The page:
Four men hold up a large piece of a torpedo after the German U-boat attacks.
Damage to the Scotia Pier caused by a torpedo fired by the German submarine U-518 on November 2,1942. Bell Island, Newfoundland, November 3, 1942.
© Lt Gerald M. Moses, Canada Department of National Defence/Library and Archives Canada/PA-188854

The German U-Boat attacks at Bell Island in 1942 were designated a national historic event in 2019.

Historical importance: Commemoration of the attacks by German U-Boat at Bell Island during the Second World War.

Commemorative plaque: Bell Island Seaman's Memorial, Lance Cove Beach, Bell Island, Newfoundland and LabradorFootnote 1

During the Second World War, this island was the target of two deadly torpedo strikes by U boats. U 513 and U 518 disrupted the supply of iron ore to Canadian and British steel mills by targeting this strategically significant mining and shipping centre, which was vital to the war effort. The 1942 attacks resulted in damage to the Scotia pier, the sinking of four ships, and the deaths of Allied sailors, bringing the war home to Newfoundlanders. In the weeks that followed, the governments of Newfoundland and Canada worked together to install anti-torpedo nets around the ore-loading piers and increase patrols in Conception Bay.

The German U-Boat attacks at Bell Island (1942)

During the Second World War, Newfoundland’s Bell Island, a strategically vital iron-ore shipping centre in Conception Bay, was targeted by German U-boats seeking to disrupt the supply of iron ore to Canadian and British steel mills. In September and November 1942, German U-boats attacked ships in Bell Island’s anchorage, sinking four merchant ships, killing nearly 70 Allied sailors, and heavily damaging Scotia Pier. The soldiers and civilians of Bell Island cared for the survivors and buried the dead in what were the largest funerals in the island’s history. The deadly attacks spurred the Canadian and Newfoundland militaries to increase patrols and construct anti-torpedo nets at Conception Bay in December 1942.

Bronze commemorative plaque
Historic Sites and Monuments Board of Canada commemorative plaque for German U-Boat Attacks At Bell Island (1942) National Historic Event

For much of the 20th century, Bell Island was a strategically important site for Newfoundland and Canada. Its iron ore mines were a major supplier for Cape Breton’s steel mills and during the Second World War were an integral part of Canada’s military-industrial war effort, accounting for more than one-third of Canada’s steel production. Their strategic value and vulnerability to attack from the sea was quickly recognized by the Newfoundland and Canadian governments. Two 4.7-inch guns and two searchlights in the nearby cliffs were installed and initially manned by Royal Canadian Artillery personnel until the Newfoundland Militia’s 1st Coastal Defence Battery took over in August 1940.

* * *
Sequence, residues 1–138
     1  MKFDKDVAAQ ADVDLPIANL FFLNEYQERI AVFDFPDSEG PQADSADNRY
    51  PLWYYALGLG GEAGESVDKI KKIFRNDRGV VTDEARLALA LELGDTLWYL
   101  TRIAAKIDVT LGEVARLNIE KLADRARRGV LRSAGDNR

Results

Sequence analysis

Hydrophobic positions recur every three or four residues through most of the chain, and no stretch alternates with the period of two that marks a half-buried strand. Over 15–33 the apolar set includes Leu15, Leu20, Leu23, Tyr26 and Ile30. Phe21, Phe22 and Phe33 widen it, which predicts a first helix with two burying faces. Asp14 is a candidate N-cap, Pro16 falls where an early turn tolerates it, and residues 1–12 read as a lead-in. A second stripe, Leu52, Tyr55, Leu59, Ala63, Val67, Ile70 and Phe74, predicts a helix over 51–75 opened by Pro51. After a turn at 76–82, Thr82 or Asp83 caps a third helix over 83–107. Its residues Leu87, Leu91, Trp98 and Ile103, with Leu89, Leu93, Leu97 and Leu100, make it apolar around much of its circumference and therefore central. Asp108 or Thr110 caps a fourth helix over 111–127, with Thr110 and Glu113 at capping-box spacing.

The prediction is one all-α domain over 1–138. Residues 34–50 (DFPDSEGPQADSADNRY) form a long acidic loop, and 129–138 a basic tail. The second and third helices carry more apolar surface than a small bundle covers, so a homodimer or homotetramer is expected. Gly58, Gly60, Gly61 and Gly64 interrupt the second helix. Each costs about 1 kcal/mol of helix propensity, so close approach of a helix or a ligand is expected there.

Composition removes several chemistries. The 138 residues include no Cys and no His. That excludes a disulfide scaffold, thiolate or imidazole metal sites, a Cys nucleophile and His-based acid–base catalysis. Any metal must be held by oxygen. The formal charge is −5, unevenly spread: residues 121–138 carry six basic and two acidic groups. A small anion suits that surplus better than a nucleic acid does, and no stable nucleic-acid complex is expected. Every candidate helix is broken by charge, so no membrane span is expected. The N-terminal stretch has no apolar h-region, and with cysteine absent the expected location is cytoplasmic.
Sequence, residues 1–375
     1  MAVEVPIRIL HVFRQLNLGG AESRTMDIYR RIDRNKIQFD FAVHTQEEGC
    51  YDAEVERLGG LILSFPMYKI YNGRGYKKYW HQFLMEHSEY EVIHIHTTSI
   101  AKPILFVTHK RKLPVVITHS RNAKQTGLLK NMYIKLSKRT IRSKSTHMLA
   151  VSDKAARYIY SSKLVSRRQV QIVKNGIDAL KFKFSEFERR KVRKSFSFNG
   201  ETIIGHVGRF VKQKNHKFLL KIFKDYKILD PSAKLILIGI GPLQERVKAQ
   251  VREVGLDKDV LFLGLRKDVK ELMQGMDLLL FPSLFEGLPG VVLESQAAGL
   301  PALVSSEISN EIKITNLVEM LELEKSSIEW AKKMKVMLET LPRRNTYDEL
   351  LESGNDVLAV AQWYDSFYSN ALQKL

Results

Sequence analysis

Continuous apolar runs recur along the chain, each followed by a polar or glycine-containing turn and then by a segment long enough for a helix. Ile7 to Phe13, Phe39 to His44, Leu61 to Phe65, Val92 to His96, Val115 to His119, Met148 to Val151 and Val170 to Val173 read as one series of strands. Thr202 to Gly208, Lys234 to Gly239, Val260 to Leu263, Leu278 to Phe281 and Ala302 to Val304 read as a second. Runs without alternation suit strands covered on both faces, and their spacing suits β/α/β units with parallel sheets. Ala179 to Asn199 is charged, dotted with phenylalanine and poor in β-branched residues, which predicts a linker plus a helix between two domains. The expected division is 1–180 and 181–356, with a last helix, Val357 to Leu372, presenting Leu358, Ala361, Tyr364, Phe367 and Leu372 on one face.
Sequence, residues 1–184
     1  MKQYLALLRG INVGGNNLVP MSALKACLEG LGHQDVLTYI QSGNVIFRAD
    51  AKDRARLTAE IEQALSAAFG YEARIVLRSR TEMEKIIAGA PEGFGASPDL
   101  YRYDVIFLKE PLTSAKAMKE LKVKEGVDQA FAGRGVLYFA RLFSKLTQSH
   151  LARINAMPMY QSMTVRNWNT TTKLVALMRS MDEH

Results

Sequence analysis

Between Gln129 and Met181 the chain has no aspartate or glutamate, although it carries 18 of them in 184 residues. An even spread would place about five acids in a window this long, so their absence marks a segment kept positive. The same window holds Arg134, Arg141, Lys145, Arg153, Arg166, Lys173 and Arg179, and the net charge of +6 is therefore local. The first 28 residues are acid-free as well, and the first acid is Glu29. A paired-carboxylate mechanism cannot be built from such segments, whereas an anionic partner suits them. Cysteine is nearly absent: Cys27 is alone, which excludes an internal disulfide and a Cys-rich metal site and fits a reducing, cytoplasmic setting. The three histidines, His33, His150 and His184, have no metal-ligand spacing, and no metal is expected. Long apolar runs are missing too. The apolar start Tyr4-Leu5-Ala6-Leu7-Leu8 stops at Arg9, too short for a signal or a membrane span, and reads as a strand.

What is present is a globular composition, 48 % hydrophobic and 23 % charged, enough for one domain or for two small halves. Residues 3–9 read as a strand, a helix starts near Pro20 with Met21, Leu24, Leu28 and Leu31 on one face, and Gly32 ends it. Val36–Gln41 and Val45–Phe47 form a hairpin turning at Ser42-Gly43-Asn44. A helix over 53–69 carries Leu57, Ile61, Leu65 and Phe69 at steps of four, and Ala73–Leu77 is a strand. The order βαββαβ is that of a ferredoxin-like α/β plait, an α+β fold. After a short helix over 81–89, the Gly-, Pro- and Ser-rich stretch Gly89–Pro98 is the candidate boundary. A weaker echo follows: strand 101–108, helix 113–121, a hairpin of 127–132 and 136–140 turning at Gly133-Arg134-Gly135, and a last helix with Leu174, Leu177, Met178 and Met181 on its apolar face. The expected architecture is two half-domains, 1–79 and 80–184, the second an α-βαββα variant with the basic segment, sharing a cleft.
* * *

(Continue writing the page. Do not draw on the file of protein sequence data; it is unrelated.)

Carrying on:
When the Second World War broke out in 1939, Nazi Germany sent U-boats into the North Atlantic to destroy the supply line between North America and Great Britain by attacking merchant ship convoys. For Bell Islanders, the campaign struck its greatest blows in 1942. On 5 September, two ships anchored in Bell Island and nearby Little Bell Island, SS Saganaga and SS Lord Strathcona, were sunk just before noon by German U-boat U-513. Despite being fired upon by other ships in the anchorage and the Newfoundland Militia’s shore battery, U-513 sailed away unscathed.

Historical image of a vessel
S.S. Rose Castle in convoy, torpedoed by a U-boat, 2 November 1942 near Wabana, Newfoundland.
© Canada Department of National Defence/Library and Archives Canada/PA-143173

Even with an increase in naval strength around Bell Island, German U-boats attacked again two months later. In the early morning of 2 November, U-518 fired a torpedo at Anna T, a 3000-ton coal boat anchored off Scotia Pier. The torpedo missed its target and struck the pier, causing more than $30,000 in damage (around $475,000 in 2021) and shattering windows on the island. U-518 then fired two torpedoes at SS Rose Castle and sank The Free French vessel PLM 27 before escaping.

In addition to engulfing four merchant ships, the German U-Boat attacks killed nearly 70 men and destroyed thousands of tons of valuable iron ore, much of which sank to the bottom of the ocean. Some said that the sound of the explosions could be heard as far away as St. John’s, bringing the war home to Newfoundlanders. The 1942 attacks continue to resonate today as the subject of books, articles, and television documentaries, as well as attracting the interest of divers exploring the sunken iron-ore vessels that are still visible on a clear day.


Other national historic designations associated with this one:

The National Program of Historical Commemoration relies on the participation of Canadians in the identification of places, events and persons of national historic significance. Any member of the public can nominate a topic for consideration by the Historic Sites and Monuments Board of Canada.

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